containers for disposal.
• Wash area and prevent runoff into drains or waterways.
• If contamination of drains or waterways occurs, advise emergency services.
Personal Protective Equipment advice is contained in Section 8 of the MSDS.
Section 7 – HANDLING AND STORAGE
PROCEDURE FOR HANDLING
• Avoid all personal contact, including inhalation.
• Wear protective clothing when risk of exposure occurs.
• Use in a well-ventilated area.
• Prevent concentration in hollows and sumps.
• DO NOT enter confined spaces until atmosphere has been checked.
• DO NOT allow material to contact humans, exposed food or food utensils.
• Avoid contact with incompatible materials.
• When handling, DO NOT eat, drink or smoke.
• Keep containers securely sealed when not in use.
• Avoid physical damage to containers.

Section 7 – HANDLING AND STORAGE
• Always wash hands with soap and water after handling.
• Work clothes should be laundered separately. Launder contaminated clothing before reuse.
• Use good occupational work practice.
• Observe manufacturer’s storing and handling recommendations.
• Atmosphere should be regularly checked against established exposure standards to ensure
safe working conditions are maintained.
SUITABLE CONTAINER
• Polyethylene or polypropylene container.
• Packing as recommended by manufacturer.
• Check all containers are clearly labelled and free from leaks.
STORAGE INCOMPATIBILITY
• Avoid reaction with oxidising agents.
STORAGE REQUIREMENTS
• Store in original containers.
• Keep containers securely sealed.
• Store in a cool, dry, well-ventilated area.
• Store away from incompatible materials and foodstuff containers.
• Protect containers against physical damage and check regularly for leaks.
• Observe manufacturer’s storing and handling recommendations.
Section 8 – EXPOSURE CONTROLS / PERSONAL PROTECTION
EXPOSURE CONTROLS
Source Material TWA ppm TWA mg/m³ STEL ppm STEL mg/m³
Australia Exposure ethylene glycol 20 96.9 50 242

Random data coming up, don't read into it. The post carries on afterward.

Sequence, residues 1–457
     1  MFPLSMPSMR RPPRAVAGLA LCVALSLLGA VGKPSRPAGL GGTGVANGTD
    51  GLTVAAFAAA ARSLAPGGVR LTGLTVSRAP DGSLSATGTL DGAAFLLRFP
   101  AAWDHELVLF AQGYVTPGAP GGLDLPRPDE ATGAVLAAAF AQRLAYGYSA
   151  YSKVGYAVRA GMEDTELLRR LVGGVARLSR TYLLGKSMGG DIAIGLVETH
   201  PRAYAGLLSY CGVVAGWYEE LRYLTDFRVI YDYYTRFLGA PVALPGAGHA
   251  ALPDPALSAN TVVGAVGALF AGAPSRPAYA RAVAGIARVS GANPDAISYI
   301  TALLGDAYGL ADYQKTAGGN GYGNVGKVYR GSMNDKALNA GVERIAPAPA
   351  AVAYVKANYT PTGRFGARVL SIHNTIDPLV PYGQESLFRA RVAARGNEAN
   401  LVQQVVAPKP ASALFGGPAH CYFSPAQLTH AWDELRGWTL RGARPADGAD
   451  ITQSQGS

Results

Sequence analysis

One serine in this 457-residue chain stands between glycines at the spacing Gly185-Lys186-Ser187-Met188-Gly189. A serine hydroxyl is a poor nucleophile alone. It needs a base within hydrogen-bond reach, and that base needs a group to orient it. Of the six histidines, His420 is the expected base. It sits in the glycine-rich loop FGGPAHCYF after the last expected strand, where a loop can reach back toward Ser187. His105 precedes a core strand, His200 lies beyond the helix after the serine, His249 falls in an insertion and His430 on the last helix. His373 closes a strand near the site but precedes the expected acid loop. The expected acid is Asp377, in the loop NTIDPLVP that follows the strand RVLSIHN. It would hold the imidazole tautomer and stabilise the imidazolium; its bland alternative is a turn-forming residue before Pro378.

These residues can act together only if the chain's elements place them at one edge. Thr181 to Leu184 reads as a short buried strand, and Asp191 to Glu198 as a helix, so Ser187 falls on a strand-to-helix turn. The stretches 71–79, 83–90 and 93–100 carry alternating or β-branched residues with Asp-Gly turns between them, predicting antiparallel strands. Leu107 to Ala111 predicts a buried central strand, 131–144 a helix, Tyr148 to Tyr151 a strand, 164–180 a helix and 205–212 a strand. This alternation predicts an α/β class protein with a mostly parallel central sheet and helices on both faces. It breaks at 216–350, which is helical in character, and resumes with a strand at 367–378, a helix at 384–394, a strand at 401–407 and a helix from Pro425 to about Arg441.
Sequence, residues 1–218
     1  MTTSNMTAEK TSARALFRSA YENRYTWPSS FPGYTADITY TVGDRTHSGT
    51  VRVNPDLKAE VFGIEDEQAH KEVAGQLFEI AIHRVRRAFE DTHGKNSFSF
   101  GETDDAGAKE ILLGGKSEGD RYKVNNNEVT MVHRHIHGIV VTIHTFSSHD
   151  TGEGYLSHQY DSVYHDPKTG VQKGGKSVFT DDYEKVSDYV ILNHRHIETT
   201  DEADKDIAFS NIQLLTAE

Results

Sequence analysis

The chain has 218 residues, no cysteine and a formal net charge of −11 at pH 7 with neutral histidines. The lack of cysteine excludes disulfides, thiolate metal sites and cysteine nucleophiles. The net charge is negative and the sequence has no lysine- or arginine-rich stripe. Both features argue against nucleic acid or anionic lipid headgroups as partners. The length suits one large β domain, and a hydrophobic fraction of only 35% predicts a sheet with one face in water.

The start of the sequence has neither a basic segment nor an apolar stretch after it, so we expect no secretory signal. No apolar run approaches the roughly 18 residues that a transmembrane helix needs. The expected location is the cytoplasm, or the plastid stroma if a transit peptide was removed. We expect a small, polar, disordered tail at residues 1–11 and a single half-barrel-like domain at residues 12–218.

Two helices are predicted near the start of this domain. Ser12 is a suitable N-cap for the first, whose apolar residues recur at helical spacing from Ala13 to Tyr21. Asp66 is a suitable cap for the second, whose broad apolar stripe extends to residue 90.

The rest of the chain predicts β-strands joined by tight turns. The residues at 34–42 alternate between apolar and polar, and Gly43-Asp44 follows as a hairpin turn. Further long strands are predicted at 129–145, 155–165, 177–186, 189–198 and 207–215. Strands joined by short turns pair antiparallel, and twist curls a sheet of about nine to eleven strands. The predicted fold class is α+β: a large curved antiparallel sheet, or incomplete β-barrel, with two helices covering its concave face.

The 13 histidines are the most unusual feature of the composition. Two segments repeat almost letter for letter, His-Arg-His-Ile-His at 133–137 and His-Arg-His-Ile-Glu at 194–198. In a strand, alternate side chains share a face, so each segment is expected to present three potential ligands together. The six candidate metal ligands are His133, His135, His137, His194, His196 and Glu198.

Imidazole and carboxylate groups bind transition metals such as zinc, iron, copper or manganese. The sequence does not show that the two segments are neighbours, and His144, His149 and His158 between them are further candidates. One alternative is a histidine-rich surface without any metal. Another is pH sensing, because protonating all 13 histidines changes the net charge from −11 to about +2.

Standards monobutyl ether (2-
Butoxyethanol)
EMERGENCY EXPOSURE LIMITS
Material Revised IDLH Value (mg/m3) Revised IDLH Value (ppm)
ethylene glycol monobutyl ether 700 [Unch]
ODOUR SAFETY FACTOR (OSF)
OSF=2E2 (2-BUTOXY ETHANOL)
MATERIAL DATA
Exposed individuals are reasonably expected to be warned, by smell, that the Exposure
Standard is being exceeded.
Odour Safety Factor (OSF) is determined to fall into either Class A or B.
The Odour Safety Factor (OSF) is defined as:
OSF= Exposure Standard (TWA) ppm/ Odour Threshold Value (OTV) ppm
Classification into classes follows:
Class OSF Description
A 550 Over 90% of exposed
individuals are aware by
smell that the Exposure
Standard (TLV- TWA for
example) is being reached,
even when distracted by

Section 8 – EXPOSURE CONTROLS / PERSONAL PROTECTION
working activities
B 26- 550 As ” A” for 50- 90% of
persons being distracted
C 1- 26 As ” A” for less than 50% of
persons being distracted
D 0.18- 1 10- 50% of persons aware of
being tested perceive by
smell that the Exposure
Standard is being reached
E <0.18 As ” D” for less than 10% of
persons aware of being tested
.
INGREDIENT DATA
ETHYLENE GLYCOL MONOBUTYL ETHER:
Established occupational exposure limits frequently do not take into consideration
reproductive end points that are clearly below the thresholds for other toxic effects.
Occupational reproductive guidelines (ORGs) have been suggested as an additional
standard. These have been established after a literature search for reproductive noobserved-
adverse effect-level (NOAEL) and the lowest-observed-adverse-effect-level
(LOAEL). In addition the US EPA’s procedures for risk assessment for hazard
identification and dose-response assessment as applied by NIOSH were used in the creation
of such limits. Uncertainty factors (UFs) have also been incorporated.
These exposure guidelines have been derived from a screening level of risk assessment and
should not be construed as unequivocally safe limits. ORGS represent an 8-hour timeweighted
average unless specified otherwise.
CR = Cancer Risk/10000; UF = Uncertainty factor:
TLV believed to be adequate to protect reproductive health:
LOD: Limit of detection
Toxic endpoints have also been identified as:
D = Developmental; R = Reproductive; TC = Transplacental carcinogen
Jankovic J., Drake F.: A Screening Method for Occupational Reproductive
American Industrial Hygiene Association Journal 57: 641-649 (1996).